Harvard Heart Letter

Heart Beat: Take aspirin before ibuprofen, not after

Heart Beat

Take aspirin before ibuprofen, not after

If you take aspirin for your heart and ibuprofen for your aches and pains, try to take the aspirin first each day. That's what the FDA is recommending in a warning to consumers and health care professionals.

In 2003 we highlighted research suggesting that ibuprofen (Motrin, Advil, others) could block the heart-protecting action of aspirin. Subsequent work supporting this idea prompted the FDA to issue its warning in mid-September 2006.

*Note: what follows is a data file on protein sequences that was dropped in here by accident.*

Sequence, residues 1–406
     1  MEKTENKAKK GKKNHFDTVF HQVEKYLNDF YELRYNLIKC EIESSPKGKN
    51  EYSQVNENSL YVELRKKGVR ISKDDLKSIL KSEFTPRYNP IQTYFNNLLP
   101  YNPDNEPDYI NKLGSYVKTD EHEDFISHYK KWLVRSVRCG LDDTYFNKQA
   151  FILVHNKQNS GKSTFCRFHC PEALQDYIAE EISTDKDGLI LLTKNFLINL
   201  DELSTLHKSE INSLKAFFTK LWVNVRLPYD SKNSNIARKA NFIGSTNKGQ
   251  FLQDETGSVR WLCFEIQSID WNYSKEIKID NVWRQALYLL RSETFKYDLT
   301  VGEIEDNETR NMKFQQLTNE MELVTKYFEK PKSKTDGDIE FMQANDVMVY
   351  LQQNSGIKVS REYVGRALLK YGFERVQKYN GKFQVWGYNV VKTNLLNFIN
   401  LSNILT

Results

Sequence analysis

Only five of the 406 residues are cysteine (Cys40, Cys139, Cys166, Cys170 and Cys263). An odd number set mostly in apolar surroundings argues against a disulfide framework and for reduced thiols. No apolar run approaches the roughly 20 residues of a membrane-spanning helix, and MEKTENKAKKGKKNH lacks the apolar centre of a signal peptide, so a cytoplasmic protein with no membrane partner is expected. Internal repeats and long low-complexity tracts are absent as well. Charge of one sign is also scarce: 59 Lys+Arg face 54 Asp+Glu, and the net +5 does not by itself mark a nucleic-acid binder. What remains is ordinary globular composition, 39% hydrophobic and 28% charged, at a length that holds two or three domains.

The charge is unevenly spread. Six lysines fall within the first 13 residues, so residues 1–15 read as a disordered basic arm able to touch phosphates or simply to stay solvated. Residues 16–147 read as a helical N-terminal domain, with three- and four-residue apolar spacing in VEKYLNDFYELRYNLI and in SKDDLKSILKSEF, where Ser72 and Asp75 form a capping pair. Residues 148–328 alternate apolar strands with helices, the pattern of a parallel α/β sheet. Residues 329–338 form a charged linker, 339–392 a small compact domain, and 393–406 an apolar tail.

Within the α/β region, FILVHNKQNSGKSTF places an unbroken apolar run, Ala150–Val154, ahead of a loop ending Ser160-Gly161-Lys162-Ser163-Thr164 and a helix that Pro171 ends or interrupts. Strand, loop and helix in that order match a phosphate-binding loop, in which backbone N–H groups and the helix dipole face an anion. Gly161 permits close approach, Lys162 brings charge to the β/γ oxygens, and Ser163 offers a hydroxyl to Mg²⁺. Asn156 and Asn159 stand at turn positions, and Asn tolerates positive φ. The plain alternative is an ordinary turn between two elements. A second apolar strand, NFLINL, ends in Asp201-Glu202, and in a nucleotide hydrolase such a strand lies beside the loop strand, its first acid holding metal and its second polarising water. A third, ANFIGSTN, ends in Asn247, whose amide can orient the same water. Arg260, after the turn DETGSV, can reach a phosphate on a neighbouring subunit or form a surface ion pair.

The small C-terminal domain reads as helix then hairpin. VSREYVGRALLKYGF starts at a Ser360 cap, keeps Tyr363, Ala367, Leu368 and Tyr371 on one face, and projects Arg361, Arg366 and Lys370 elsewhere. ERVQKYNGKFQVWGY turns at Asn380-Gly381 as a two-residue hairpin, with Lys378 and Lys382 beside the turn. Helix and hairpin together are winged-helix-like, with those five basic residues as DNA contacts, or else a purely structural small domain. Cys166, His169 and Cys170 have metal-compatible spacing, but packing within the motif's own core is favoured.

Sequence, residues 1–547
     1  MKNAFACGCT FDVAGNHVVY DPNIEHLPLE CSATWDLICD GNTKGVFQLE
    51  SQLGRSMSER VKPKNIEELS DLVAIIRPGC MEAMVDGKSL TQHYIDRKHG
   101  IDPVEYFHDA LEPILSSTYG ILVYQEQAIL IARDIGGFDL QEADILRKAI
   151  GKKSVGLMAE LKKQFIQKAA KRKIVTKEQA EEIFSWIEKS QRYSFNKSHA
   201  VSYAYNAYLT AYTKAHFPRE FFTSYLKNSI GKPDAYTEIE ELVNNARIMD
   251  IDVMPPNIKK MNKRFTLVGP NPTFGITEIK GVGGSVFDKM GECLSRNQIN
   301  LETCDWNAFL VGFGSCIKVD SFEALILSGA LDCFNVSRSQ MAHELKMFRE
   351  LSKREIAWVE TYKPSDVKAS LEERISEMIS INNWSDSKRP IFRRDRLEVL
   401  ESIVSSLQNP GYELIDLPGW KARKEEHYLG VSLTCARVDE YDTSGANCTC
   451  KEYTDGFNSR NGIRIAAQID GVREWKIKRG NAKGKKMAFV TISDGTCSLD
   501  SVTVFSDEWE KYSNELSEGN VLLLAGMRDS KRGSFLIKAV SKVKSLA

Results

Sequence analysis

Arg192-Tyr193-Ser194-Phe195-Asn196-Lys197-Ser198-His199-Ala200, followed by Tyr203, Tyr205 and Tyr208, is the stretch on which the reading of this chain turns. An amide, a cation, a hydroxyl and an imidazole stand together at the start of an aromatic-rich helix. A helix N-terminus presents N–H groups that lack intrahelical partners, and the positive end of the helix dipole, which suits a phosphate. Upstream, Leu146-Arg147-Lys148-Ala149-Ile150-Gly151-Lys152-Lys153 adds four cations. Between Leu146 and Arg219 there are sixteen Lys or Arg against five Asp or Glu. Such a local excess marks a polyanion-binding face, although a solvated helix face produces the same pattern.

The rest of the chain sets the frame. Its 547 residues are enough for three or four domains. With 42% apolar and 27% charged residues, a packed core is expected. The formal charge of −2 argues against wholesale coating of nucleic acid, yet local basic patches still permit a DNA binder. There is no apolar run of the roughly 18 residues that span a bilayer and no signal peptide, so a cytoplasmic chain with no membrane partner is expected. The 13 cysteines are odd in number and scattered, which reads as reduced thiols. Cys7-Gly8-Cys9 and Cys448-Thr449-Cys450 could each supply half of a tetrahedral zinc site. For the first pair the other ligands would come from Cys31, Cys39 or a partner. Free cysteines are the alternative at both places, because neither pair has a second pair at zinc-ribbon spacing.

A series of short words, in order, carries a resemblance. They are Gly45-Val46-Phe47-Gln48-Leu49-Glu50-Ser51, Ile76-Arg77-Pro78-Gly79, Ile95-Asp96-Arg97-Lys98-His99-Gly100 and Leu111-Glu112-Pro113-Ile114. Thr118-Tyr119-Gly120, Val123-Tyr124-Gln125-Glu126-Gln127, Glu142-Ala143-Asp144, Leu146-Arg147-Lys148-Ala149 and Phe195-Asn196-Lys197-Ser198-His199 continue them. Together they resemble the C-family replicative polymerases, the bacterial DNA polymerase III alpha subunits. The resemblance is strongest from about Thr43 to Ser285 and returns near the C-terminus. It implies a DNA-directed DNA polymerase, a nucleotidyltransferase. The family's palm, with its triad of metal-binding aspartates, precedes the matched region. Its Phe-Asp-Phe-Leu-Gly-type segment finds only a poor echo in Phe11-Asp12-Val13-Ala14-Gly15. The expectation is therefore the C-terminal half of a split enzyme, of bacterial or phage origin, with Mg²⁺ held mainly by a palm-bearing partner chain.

Aspirin helps prevent heart attacks and the most common form of stroke by making platelets in the bloodstream less sticky and thus less likely to clump and form artery-blocking blood clots. It does this by sliding into the pocket of an enzyme called cyclooxygenase and handing over a few atoms of carbon, hydrogen, and oxygen. This transfer stops cyclooxygenase from making prostaglandin. Without prostaglandin, platelets can't make thromboxane A2, the substance that makes them sticky.

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